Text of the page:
Nazis on the Run: How Hitler's Henchmen Fled Justice [NOOK Book]

Overview


This is the fascinating story of how Nazi war criminals escaped from justice at the end of the Second World War by fleeing through the Tyrolean Alps to Italian seaports, and the role played by the Red Cross, the Vatican, and the Secret Services of the major powers in smuggling them away from prosecution in Europe to a new life in South America.

The Nazi sympathies held by groups and individuals within these organizations evolved into a ...
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Nazis on the Run: How Hitler's Henchmen Fled Justice

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Overview


This is the fascinating story of how Nazi war criminals escaped from justice at the end of the Second World War by fleeing through the Tyrolean Alps to Italian seaports, and the role played by the Red Cross, the Vatican, and the Secret Services of the major powers in smuggling them away from prosecution in Europe to a new life in South America.

The Nazi sympathies held by groups and individuals within these organizations evolved into a successful assistance network for fugitive criminals, providing them not only with secret escape routes but hiding places for their loot. Gerald Steinacher skillfully traces the complex escape stories of some of the most prominent Nazi war criminals, including Adolf Eichmann, showing how they mingled and blended with thousands of technically stateless or displaced persons, all flooding across the Alps
to Italy and from there, to destinations abroad.

The story of their escape shows clearly just how difficult the apprehending of war criminals can be. As Steinacher shows, all the major countries in the post-war world had 'mixed motives' for their actions, ranging from the shortage of trained intelligence personnel in the immediate aftermath of the war to the emerging East-West confrontation after 1947, which led to many former Nazis being recruited as agents turned in the Cold War.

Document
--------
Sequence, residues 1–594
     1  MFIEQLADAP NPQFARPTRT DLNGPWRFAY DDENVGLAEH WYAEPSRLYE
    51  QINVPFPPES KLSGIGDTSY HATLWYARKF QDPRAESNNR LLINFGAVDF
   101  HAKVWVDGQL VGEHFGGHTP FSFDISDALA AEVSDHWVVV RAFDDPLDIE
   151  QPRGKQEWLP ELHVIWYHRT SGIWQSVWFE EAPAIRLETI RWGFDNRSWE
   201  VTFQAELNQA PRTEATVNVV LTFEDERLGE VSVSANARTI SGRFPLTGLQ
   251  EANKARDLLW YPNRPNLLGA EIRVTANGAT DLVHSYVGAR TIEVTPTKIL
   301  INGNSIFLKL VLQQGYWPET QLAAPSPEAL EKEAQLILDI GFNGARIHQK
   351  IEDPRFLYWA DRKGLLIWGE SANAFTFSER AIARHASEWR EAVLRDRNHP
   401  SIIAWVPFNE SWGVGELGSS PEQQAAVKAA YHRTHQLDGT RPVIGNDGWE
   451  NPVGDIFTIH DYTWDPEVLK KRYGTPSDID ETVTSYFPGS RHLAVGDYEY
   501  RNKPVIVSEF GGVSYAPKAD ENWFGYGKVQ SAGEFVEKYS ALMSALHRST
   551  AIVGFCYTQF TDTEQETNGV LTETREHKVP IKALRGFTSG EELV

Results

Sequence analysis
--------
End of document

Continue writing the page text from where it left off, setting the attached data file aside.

Winner of the 2011 National Jewish Book Award for Holocaust Studies

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Editorial Reviews

Publishers Weekly
After the defeat of the Third Reich, hundreds of Nazi war criminals—most famously Adolf Eichmann and Josef Mengele—escaped capture, in many cases by going to Latin America. Based on extensive research on newly opened archives, historian Steinacher documents four surprising institutions that aided them in this process: the International Committee of the Red Cross, which freely issued travel documents based on the testimony of two witnesses identifying the Nazi escapees; the Catholic Church, particularly the Vatican Relief Committee and individual priests more interested in fighting communism and gaining new adherents; the U.S., who employed former SS men as anticommunist agents; and finally, Argentina, led by dictator Juan Perón, which admitted ex-Nazis, particularly those with military ties, in an effort to quickly modernize the country. Perón even declared an amnesty for those who had entered the country illegally. Steinacher, a research fellow at Harvard and lecturer on contemporary history at the University of Innsbruck (Austria), generally tells this story clearly and the depth of his research is impressive. Too many individual stories are related too briefly, though, and he gives too much bureaucratic detail. But this is still a fine contribution to the post-history of Nazism, particularly as it was influenced by the early cold war. 16 pages of b&w photos. (June)